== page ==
-if the leaves are away from chemicals they're probably good to just go in. Some boil or bake them. I'd only do this to clean off possible pesticide residue or dangerous insects in your area. If you're sure there's neither then you should be good to go. Up in PA I only really have yard chemicals to worry about.
 

jamest0o0

Chameleon Enthusiast
Yup agree with @cyberlocc on everything, he beat me to it. Only thing I'd pick out is that canyons do tolerate humid/wet conditions perfectly. They are nice because they live well in dry and wet conditions just as well, while other porcellio will die quickly with excess moisture.

I also think you'd be surprised how fast 2 dozen can establish an entire enclosure.
 

MissSkittles

Chameleon Enthusiast
I would. Inch or two.



I'm not postive, I dont think they are supposed to though. However I have never used them, so no promises.



As deep as you want. If its for a female, I would use a good 13 inches of soil, 2 of drainage and a top coat of sphag and leaf litter (1 inch). If for a male, I would fold the bag in half for 2 inch drainage 5 of soil and Sphag/Leaf Litter top. However you could use either for either.



Not really "better" just better at different things. I would use Dwarf White or Purple, for soil health.

Then for Poo Eaters, you want a big species. Orange are good, fast breeding edible, ect. However if you do not mist much, then you may be better suited with Giant Canyons that can handle the drier leaf litter. However thats really just Temperate vs Arid, there is many types, with many differences. Mostly looks, and breeding speed and price of course lol.




As many as you can get. They sell colony starters, of like 25 usually, but those are more ideally for starting a colony in a small container, in a large area, they will have a harder time breeding, so the more you can get the better. Obviously this gets very expensive very fast, so just get as many as you feasibly can. I would try for at least 50 Dwarf and 50 Large. Get springs too if you can.



Nope, as long as they dont spray pesticides. You can bake them or boil them, if you want to sterilize but you dont have to. Usually when you buy leaves from like Joshs Frogs those are not treated either.

However baking and boiling do give some other benefits as well. If you bake them, they will break down faster, if you boil them they will breakdown slower, if that matters to you, either way. If you wanted to mix some into the soil for iso food, bake those, and for the top layer boil. However still not necessary.
Thanks so much! Btw, absolutely love that you did your blog!
 

MissSkittles

Chameleon Enthusiast
Yup agree with @cyberlocc on everything, he beat me to it. Only thing I'd pick out is that canyons do tolerate humid/wet conditions perfectly. They are nice because they live well in dry and wet conditions just as well, while other porcellio will die quickly with excess moisture.

I also think you'd be surprised how fast 2 dozen can establish an entire enclosure.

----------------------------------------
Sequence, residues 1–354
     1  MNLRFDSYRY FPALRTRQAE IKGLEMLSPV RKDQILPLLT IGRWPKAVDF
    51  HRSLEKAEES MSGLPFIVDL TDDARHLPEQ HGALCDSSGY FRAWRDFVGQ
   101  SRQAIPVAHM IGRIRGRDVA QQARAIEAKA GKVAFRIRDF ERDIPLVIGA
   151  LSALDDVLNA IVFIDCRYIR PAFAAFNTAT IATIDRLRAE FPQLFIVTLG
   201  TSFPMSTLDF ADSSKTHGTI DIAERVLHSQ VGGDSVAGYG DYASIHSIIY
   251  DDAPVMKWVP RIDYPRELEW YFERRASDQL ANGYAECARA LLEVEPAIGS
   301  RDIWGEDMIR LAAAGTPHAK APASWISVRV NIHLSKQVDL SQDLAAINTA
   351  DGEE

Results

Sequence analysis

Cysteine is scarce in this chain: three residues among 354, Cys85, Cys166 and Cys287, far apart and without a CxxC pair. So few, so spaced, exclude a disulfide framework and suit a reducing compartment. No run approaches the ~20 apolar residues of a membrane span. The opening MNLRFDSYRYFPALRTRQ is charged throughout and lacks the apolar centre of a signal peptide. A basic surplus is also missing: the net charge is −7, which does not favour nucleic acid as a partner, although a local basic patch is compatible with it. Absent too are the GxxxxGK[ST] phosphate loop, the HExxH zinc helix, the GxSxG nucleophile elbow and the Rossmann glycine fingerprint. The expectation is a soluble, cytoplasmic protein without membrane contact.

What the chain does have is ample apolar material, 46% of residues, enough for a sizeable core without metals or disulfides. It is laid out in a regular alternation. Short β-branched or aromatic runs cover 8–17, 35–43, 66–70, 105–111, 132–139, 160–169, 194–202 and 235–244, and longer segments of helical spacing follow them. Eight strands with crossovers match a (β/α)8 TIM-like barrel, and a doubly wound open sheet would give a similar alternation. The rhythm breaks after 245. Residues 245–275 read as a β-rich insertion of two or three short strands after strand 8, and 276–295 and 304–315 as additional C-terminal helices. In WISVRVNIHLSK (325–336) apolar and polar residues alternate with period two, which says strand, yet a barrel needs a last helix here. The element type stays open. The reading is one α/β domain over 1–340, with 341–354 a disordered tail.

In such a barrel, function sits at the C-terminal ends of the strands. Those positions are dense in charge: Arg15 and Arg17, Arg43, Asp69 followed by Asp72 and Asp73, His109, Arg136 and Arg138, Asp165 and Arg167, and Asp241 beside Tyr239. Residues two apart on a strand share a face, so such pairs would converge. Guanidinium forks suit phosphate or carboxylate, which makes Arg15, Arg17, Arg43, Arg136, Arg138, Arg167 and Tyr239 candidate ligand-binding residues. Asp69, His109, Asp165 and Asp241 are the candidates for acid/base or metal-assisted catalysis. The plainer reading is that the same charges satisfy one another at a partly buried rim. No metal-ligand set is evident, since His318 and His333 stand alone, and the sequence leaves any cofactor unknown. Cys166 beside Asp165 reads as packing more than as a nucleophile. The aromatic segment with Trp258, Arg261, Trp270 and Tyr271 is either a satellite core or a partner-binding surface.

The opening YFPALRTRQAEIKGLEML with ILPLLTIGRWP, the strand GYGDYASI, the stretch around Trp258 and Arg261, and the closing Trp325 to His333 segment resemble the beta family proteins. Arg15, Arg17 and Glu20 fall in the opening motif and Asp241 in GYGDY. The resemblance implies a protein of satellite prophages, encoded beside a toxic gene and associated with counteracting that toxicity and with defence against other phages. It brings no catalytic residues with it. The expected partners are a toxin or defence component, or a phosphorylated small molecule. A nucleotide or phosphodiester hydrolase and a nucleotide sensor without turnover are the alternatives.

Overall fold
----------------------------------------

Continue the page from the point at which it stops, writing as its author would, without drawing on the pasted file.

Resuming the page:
Thanks James! You don’t by chance sell isopods?
 

cyberlocc

Chameleon Enthusiast
Yup agree with @cyberlocc on everything, he beat me to it. Only thing I'd pick out is that canyons do tolerate humid/wet conditions perfectly. They are nice because they live well in dry and wet conditions just as well, while other porcellio will die quickly with excess moisture.

I also think you'd be surprised how fast 2 dozen can establish an entire enclosure.
I have only kept them dry with a wet spot, but ya they should be able to handle Cham Humdiity thats why I said them :).

P. scaber (Giant Orange) can take humidity, they are mostly used for dart tanks, they can live in constantly soaked substrate.

Those GC isos though man, they can take a dang beating! Lathis gave me some years ago, and I lost the container and forgot all about them, found it like a year later, the soil was bone dry, I had not added any food, or anything. Dang things were STILL ALIVE, and BREEDING!
 

cyberlocc

Chameleon Enthusiast
Also, IME the canyons out competed the purples and dwarf whites. They were a waste for me. The canyon babies inhabit similar areas as dwarf whites, but are more voracious eaters.
Hmm, I never tried them as CUC only as feeders. The babies go deep into the soil like Dwarfs? How deep have you found them? Dwarfs are super hard to seed vivs with lol, but I have never had isos go as deep as they do.
 

CasqueAbove

Avid Member
I am just guessing, but I watched his set up, an one, he did not do drainage layer. But I agree with others it is beneficial to have.
As far a leaks , I think it is just stop rip nylon, so it will leak.
 

Highway61

Avid Member
Yeah I do have a handful of species, the canyons I have plenty of adults that will be breeding right off the bat.
Last year I purchased a combo of mixed springtails and "purple microdot" isopods (25). The springtails multiplied like rabbits and the iso never to be seen again. :(
 
I bought my dwarf white isopods recently, and I thought they were dead when I opened the container, but when I picked them up they moved a bit. I put them in but should I be worried?